A firm clenched fist salute to you! Greetings to you and all the good people there. i hope and trust when these few lines come to hand they will find you, and all the hard-working people, in the best of purposeful energetic health and positive, progressive spirits. For many of you, it is been quite sometime since you have heard from me directly but well-wishing thoughts of you have been with me constantly.
On March 6, 2012, i was transferred to the Miami Correctional Facility because prison officials said that my security level had dropped. That is their way of saying that i am less dangerous. Nevertheless, i hated being at that camp. It was a highly petty place, far away from my home base of support. i was not allowed to do any painting while there. In fact the administration officials took all of my canvases and paints, but they gave my brushes to me. So what sense did that make?
On October 17, 2013, i was transferred from the Miami County prison to this minimum security unit called Indiana State Prison Outside Facility (I.S.O.). It is located outside the walls of the state prison in Michigan City. i had not received prior notice that my transfer from Miami to I.S.O. was approved at Indianapolis D.O.C. [Department of Corrections] central office before it happened. In theory I.S.O. is supposed to be a minimum security unit, but it is actually a type of work-release facility. i have not obtained a time-cut since 2011. Had college not been taken out of the prison system i would have been getting out of prison on February 8, 2014. Nevertheless, the fact of my presence here is a clear indication that i am closer to walking out the door to physical freedom to continue to struggle for total liberation and a higher meaning of justice. It is about time that i should be freed after more than three decades in these death chambers called ‘prisons’ and confinement.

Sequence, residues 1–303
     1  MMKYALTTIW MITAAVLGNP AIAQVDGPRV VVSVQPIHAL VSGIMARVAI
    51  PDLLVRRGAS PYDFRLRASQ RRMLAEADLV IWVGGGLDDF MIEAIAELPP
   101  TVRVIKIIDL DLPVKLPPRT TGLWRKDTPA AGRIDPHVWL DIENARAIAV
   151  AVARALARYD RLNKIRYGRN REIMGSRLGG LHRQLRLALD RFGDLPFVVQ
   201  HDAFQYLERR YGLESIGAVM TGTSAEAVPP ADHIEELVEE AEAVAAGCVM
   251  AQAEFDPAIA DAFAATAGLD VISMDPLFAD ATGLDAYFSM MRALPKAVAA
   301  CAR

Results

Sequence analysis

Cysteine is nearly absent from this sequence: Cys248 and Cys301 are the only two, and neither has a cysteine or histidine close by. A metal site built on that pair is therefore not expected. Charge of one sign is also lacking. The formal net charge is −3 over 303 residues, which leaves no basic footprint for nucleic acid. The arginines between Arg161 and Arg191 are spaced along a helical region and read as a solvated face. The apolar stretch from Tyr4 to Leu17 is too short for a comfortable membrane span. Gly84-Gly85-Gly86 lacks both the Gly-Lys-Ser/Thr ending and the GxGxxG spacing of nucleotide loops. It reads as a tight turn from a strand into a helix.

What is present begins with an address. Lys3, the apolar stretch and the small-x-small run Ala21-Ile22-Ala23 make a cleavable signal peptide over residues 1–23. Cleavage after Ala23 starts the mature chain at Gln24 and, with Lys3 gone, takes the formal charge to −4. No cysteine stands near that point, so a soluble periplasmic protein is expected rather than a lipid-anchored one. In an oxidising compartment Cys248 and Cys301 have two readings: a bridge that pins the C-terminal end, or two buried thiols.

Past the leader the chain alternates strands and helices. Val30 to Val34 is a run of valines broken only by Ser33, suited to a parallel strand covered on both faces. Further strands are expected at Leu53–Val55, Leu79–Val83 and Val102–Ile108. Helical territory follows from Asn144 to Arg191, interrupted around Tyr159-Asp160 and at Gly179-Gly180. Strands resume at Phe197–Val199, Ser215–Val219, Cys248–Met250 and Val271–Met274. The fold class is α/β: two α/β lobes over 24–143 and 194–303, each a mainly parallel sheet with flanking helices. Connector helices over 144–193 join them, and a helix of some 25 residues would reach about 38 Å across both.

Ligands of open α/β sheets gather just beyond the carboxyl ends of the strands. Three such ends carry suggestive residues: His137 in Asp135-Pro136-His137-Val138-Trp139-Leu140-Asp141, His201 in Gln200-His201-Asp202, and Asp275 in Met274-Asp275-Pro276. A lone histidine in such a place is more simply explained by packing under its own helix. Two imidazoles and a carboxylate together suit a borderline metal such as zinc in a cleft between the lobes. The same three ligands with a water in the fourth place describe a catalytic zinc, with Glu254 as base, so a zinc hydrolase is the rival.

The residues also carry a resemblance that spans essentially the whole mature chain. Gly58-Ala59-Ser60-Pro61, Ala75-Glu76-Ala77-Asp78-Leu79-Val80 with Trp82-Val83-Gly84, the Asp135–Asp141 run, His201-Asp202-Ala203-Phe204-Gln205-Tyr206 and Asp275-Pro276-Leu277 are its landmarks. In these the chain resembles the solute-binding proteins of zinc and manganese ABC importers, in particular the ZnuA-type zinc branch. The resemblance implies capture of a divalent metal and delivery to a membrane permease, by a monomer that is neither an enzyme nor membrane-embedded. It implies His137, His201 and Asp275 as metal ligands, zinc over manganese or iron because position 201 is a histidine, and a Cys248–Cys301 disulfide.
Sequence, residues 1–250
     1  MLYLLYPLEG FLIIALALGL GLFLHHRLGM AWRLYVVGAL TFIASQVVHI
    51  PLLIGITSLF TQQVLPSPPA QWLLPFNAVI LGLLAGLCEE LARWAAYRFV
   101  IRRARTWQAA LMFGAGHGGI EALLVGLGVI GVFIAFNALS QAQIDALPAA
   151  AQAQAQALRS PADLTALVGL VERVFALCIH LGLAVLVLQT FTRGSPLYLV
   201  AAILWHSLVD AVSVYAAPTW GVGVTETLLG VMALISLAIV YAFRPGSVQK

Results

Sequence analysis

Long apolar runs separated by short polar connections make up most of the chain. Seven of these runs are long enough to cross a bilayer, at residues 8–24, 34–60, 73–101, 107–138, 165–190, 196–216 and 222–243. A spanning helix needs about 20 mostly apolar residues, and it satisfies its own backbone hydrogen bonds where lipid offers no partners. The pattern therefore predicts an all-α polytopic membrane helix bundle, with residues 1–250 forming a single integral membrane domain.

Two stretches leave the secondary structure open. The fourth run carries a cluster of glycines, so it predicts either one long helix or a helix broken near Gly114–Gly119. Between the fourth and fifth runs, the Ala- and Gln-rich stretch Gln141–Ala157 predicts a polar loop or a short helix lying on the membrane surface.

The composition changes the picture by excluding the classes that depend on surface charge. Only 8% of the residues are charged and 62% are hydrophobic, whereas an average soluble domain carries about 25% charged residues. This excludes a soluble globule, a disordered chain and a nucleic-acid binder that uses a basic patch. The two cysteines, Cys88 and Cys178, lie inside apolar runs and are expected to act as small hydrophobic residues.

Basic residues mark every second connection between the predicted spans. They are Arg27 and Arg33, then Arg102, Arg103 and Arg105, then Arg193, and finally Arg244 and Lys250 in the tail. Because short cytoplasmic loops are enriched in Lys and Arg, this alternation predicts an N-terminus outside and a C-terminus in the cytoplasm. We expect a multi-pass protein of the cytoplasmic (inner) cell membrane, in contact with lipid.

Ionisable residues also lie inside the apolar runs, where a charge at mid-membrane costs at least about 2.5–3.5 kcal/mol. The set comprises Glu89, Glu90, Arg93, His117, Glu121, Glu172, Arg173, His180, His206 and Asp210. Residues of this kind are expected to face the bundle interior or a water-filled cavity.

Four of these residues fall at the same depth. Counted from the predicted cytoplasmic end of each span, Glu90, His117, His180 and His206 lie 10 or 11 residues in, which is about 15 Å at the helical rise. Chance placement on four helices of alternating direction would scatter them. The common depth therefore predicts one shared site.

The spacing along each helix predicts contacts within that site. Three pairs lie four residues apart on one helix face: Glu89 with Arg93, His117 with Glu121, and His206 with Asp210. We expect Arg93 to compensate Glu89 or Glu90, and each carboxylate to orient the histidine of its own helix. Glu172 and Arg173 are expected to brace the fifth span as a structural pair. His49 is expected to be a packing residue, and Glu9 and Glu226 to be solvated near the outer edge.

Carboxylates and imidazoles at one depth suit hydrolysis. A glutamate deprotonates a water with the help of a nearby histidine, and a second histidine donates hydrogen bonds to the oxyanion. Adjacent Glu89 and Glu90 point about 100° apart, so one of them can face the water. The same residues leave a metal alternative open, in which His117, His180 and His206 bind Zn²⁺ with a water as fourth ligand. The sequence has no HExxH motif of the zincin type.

My federal habeas petition is still pending. i have been waiting for a ruling for three years. Judge Mooty is taking his time and in the meantime i am still doing time– serving out this illegal sentence. i am serving the 14 year term now.
Recently, last year, an electrified, barbed wire chain link fence, topped with coils of razor wire was erected around the building where i am held. I.S.O. not only has a fence around it, but the back of the outer perimeter is marked by a 30 foot wall and gun towers! This brick building is a two-story dormitory with a prisoner population of nearly 400. i think that something is illegal about the fence, because, according to statutory law Ind. Code § 35-38-3-6(d), “a minimum-security assignment constitutes an assignment of a convicted person to a work-release center or program, to intermittent service of a sentence, or to a program requiring weekly reporting to a designated official. Assignment to minimum-security need not involve a penal facility.”
Take good care.
Zolo Azania #4969
State Prison Minimum Unit
1 Park Row
Michigan City, Indiana 46360